Outlaw, W. H., Jr., M. Fleig, W. GrĂ¼ninger, E. Magel, and R. Hampp. 2000. Observations on honey plants and Africanized honey bees in the temperate-zone state of Rio Grande do Sul, Brazil. Am. Bee J. 140: 401-404 [trade publication].

*Ewert, M. S., W. H. Outlaw Jr., S. Q. Zhang, K. Aghoram, and K. A. Riddle. 2000. Accumulation of an apoplastic solute in the guard-cell wall is sufficient to exert a significant effect on transpiration in Vicia faba leaflets. Plant Cell Environ. 23: 195-203 [cover photograph].

*Popova, L. P., W. H. Outlaw Jr., K. Aghoram, D. R. C. Hite. 2000. Abscisic acid-an intraleaf water-stress signal. Physiol. Plant. 108: 376-381.

*Aghoram, K., W. H. Outlaw Jr., G. W. Bates, J. Cairny, A. O. Pineda, C. M. Bacot, L. M. Epstein, and C. W. Levenson. 2000. Abg1--a novel gene up-regulated by abscisic acid in guard cells of Vicia faba L. J. Exp. Bot. 51: 1479-1480.

Outlaw, W. H., Jr., S. Zhang, W. R. Tschinkel, B. G. Smith, E. C. Outlaw, and N. N. Outlaw. 2001. Chemical and biological attributes of the nectar of the jujube (Ziziphus jujuba Mill.). Am. Bee J. 141: 61-62 [trade publication].

*Outlaw, W. H., Jr. and S. Zhang. 2001. Single-cell dissection and microdroplet chemistry. J. Exp. Bot. 52: 605-614.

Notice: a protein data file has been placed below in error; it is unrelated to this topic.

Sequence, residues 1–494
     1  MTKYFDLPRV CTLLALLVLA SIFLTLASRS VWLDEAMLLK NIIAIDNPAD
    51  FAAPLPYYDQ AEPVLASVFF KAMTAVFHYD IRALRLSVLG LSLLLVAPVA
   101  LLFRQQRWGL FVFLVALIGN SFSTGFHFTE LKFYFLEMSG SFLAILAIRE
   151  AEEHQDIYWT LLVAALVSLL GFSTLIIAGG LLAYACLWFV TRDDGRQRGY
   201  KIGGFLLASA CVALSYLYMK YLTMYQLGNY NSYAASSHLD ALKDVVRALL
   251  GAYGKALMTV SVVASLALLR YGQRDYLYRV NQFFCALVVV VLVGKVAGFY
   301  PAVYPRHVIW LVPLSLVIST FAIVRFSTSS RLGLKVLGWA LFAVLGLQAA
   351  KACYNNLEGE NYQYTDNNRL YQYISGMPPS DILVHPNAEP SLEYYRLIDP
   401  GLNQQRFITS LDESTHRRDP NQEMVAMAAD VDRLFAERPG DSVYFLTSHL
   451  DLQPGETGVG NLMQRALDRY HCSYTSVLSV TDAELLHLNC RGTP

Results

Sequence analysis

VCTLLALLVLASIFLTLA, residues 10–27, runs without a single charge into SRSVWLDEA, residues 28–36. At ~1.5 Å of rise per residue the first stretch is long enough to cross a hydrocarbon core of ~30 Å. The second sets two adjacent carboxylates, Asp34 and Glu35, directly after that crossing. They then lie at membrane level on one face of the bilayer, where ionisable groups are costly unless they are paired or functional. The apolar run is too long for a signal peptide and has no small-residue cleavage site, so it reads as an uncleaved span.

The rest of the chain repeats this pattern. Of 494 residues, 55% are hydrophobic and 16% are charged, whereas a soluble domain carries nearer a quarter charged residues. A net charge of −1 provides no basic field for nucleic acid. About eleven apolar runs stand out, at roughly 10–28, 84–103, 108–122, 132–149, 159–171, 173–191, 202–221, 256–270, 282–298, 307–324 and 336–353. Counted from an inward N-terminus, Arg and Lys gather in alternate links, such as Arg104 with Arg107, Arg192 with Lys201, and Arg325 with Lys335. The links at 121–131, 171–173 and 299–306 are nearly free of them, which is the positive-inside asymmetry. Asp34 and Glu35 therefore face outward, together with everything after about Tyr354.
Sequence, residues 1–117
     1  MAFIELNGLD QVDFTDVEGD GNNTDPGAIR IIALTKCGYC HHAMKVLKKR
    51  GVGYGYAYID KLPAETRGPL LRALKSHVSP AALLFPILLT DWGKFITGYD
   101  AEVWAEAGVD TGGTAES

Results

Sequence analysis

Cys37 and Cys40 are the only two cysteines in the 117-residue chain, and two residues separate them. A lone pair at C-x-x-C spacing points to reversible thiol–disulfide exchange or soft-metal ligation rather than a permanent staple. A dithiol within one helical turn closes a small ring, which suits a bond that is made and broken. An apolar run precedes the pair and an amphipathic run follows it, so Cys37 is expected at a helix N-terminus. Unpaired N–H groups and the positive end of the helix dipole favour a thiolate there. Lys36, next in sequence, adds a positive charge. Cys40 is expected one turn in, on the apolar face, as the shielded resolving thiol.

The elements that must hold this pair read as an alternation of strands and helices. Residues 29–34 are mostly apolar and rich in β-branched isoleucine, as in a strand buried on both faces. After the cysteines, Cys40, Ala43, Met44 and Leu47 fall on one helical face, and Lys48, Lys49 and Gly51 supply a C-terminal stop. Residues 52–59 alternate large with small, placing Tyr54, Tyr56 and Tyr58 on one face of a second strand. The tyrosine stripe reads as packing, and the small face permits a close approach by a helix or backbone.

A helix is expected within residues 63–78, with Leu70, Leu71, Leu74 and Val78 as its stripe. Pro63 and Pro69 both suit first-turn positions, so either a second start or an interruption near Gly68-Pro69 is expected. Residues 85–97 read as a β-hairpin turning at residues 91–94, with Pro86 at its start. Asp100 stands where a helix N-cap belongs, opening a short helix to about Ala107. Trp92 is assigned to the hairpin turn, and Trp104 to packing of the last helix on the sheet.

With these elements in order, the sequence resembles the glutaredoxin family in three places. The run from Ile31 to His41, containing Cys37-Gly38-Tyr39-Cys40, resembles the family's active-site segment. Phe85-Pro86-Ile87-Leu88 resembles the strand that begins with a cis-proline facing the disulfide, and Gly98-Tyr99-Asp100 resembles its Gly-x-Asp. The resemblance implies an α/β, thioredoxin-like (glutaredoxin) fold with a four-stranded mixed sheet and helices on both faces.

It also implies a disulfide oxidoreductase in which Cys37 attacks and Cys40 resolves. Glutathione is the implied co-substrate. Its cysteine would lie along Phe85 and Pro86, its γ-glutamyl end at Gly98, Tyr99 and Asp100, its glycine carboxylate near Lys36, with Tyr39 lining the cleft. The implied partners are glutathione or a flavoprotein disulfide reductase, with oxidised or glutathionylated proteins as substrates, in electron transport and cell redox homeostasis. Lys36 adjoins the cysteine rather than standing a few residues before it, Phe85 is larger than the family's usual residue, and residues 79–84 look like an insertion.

*Zhang, S. Q., W. H. Outlaw Jr., and K. Aghoram. 2001. Relationship between changes in the guard-cell abscisic-acid content and other stress-related physiological parameters in intact plants. J. Exp. Bot. 52: 301-308 [among articles featured on cover].

*Zhang, S. Q., and W. H. Outlaw Jr. 2001. The guard-cell apoplast as a site of abscisic acid accumulation in Vicia faba L. Plant Cell Environ. 24: 347-355.

Outlaw, W. H., Jr. and N. N. Outlaw. 2001. Experiment: twenty potted fig cultivars on the Gulf Coast of the southern United States. Fruit Gardener 33(4): 15-16 [lay publication].

*Zhang, S. Q., and W. H. Outlaw Jr. 2001. Gradual long-term water stress results in abscisic acid accumulation in the guard-cell symplast and guard-cell apoplast of intact Vicia faba L. plants. J. Plant Growth Reg. 20: 300-307.

*Outlaw, W. H., Jr., and X. De Vlieghere-He. 2001. Transpiration rate. An important factor controlling the sucrose content of the guard-cell apoplast of Vicia faba L. Plant Physiol. 126: 1716-1724.

*Zhang, S. Q., and W. H. Outlaw Jr. 2001. Abscisic acid introduced into the transpiration stream accumulates in the guard-cell apoplast and causes stomatal closure. Plant Cell Environ. 24: 1045-1054.

*Outlaw, W. H., Jr., S. Zhang, K. A. Riddle, A. K. Womble, L. C. Anderson, W. M. Outlaw, E. C. Outlaw, N. N. Outlaw, and A. B. Thistle. 2002. The jujube (Ziziphus jujuba Mill.), a multipurpose plant. Econ. Bot. 56: 198-200 [back cover photograph].

*Outlaw WH Jr, Z Du, FX Meng, K Aghoram, KA Riddle, R Chollet. 2002. Requirements for activation of the signal-transduction network that leads to regulatory phosphorylation of leaf guard-cell phosphoenolpyruvate carboxylase during fusicoccin-stimulated stomatal opening. Arch. Biochem. Biophys. 407: 63-71 [cover photograph keyed to this article in December issue].

*Publication was refereed.